Sunday, 19 September 2010


Anthony Turner was born in Leicestershire in 1628, during the reign of King Charles I. He was born into a staunch Protestant family, his father being a Protestant minister. Anthony, along with his mother and brother, Edward, began to seriously question the Protestant religion. This, understandably, infuriated his father. Anthony went to study at Cambridge University and while there he converted to Catholicism, despite his father’s rage. Edward also converted to the Catholic faith. The two brothers then went to Rome to study at the English College.

The Government’s objective was to eradicate Catholicism in the land. Therefore, laws and statutes were introduced which imposed dire penalties on any who had the audacity to practise their Catholic Faith. Of course without priests, there could be no Mass, no Sacraments and no help for those who still clung to the Old Faith. There were no longer any seminaries in England. In an effort to redress this problem, Cardinal William Allen established seminaries on the Continent specifically to train priests for England and Wales. These brave men went in secret to the seminaries and, after ordination, they returned, again in secret, to minister to their persecuted countrymen. Cardinal Allen established the English College in Rome in 1579.

In 1653, Anthony left the English College in Rome and travelled to Flanders where he entered the Jesuit Novitiate. He was ordained in 1659 and two years later, in 1661, he returned to England where he spent the next eighteen years ministering in Worcestershire.

When the terror of the phoney Oates/Popish Plot spread its poisonous tentacles over the country, Fr Anthony Turner was more than willing to give his life for the Faith which was so dear to him. However, his superiors insisted he leave the country. In January 1679, Fr Turner reluctantly made his way to London. He hoped to find a Jesuit who would provide him with sufficient funds to escape to the Continent. The search proved fruitless so the priest gave what little money he possessed to a beggar. He then turned himself over to the authorities. He was promptly arrested and thrown into Newgate Prison where several other Jesuits were awaiting trial.
On 13th June 1679 Anthony Turner was brought for trial at the Old Bailey. The witnesses against him were the convicted perjurers and embezzlers, Titus Oates, William Bedloe and Stephen Dugdale. One of the trial rules was that ‘no Catholic could be believed in court’ so the false testimony of the miscreants was taken over that of credible witnesses. As was the custom, the jury was instructed to find the defendant guilty and this they obediently did. Anthony Turner was sentenced to be hanged, drawn and quartered.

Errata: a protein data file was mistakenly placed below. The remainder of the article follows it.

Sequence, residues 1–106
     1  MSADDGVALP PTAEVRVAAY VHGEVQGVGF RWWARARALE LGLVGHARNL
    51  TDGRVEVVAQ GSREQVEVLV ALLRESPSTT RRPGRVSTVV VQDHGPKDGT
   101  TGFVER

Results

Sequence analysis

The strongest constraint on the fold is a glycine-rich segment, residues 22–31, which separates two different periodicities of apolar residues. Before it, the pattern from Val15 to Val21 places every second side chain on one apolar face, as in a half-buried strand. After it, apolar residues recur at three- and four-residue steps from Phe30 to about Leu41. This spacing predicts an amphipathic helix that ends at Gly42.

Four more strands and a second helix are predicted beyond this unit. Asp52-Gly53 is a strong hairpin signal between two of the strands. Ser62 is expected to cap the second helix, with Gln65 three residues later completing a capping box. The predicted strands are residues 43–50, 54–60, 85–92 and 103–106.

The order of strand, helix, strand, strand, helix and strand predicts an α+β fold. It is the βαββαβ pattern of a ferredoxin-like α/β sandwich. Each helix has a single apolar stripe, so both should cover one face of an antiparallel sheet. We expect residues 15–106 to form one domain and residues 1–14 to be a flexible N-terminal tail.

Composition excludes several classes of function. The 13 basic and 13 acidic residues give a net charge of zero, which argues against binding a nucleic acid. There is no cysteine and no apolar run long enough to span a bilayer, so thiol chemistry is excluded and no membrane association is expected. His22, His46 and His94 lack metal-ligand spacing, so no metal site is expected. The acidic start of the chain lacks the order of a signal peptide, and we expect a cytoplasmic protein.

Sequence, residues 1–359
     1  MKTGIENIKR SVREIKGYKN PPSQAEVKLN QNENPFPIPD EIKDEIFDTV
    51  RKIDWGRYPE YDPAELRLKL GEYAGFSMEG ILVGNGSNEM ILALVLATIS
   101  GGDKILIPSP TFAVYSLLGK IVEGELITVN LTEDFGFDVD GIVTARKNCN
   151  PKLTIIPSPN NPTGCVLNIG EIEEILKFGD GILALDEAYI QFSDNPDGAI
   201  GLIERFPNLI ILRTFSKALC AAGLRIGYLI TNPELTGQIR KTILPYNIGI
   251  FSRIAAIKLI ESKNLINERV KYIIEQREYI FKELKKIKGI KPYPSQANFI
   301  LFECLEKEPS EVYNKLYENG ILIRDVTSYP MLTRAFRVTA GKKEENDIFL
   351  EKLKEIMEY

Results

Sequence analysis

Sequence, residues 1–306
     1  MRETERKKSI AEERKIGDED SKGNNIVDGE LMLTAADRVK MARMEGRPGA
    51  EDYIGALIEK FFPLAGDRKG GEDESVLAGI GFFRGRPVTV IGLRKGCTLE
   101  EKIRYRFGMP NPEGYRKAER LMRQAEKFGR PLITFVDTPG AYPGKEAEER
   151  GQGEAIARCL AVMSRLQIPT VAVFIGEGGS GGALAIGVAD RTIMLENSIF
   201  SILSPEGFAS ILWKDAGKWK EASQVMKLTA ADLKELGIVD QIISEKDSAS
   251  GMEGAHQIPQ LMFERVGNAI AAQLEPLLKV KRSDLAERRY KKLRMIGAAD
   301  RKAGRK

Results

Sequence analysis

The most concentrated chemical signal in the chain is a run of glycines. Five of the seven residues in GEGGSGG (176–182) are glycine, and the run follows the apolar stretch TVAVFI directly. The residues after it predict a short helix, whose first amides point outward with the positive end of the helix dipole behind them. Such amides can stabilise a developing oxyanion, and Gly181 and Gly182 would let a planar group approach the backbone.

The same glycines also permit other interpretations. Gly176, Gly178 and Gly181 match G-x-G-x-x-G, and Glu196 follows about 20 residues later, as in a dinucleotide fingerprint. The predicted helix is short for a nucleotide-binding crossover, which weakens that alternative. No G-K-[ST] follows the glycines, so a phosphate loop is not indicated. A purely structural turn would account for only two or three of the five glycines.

A week later, on 20th June 1679, Fr Turner was taken to Tyburn where the sentence was to be carried out. At the last minute, which also appears to be the custom, a messenger arrived from the King offering a pardon. All the priest had to do was to admit his guilt and tell all he knew of the plot. Fr Turner replied that no plot existed. He could not disclose details of a plot that existed only in the putrid mind of the perjurer, Titus Oates. The Jesuit was not willing to lie to save his life. In a speech from the gallows, he told the spectators: “I am bound in conscience to do myself that justice as to declare upon oath my innocence from the horrid crime of treason with which I am falsely accused. I am as free from the treason I am accused of as a child that is just born. I die a Roman Catholic and humbly beg the prayers of such for my happy passage into a better life”. He prayed privately for a few minutes then the cart was pulled away.

After the gruesome sentence was carried out, the brutalised remains of Fr Turner were taken away by friends who buried them in the churchyard of St Giles in the Fields. In December 1929 Pope Pius XI beatified Jesuit Martyr, Fr Anthony Turner.




  1. More good history! I am going to have to spend longer time with your blog some day when I have hours, not minutes, available. It is chock full of interesting things that I don't know.

  2. Hi Elizabeth

    Thank you for you kind comment and for your interest. I would be absolutely delighted for you to spend more time reading this blog, I hope you will also comment because I value your opinion. God bless you, Elizabeth.


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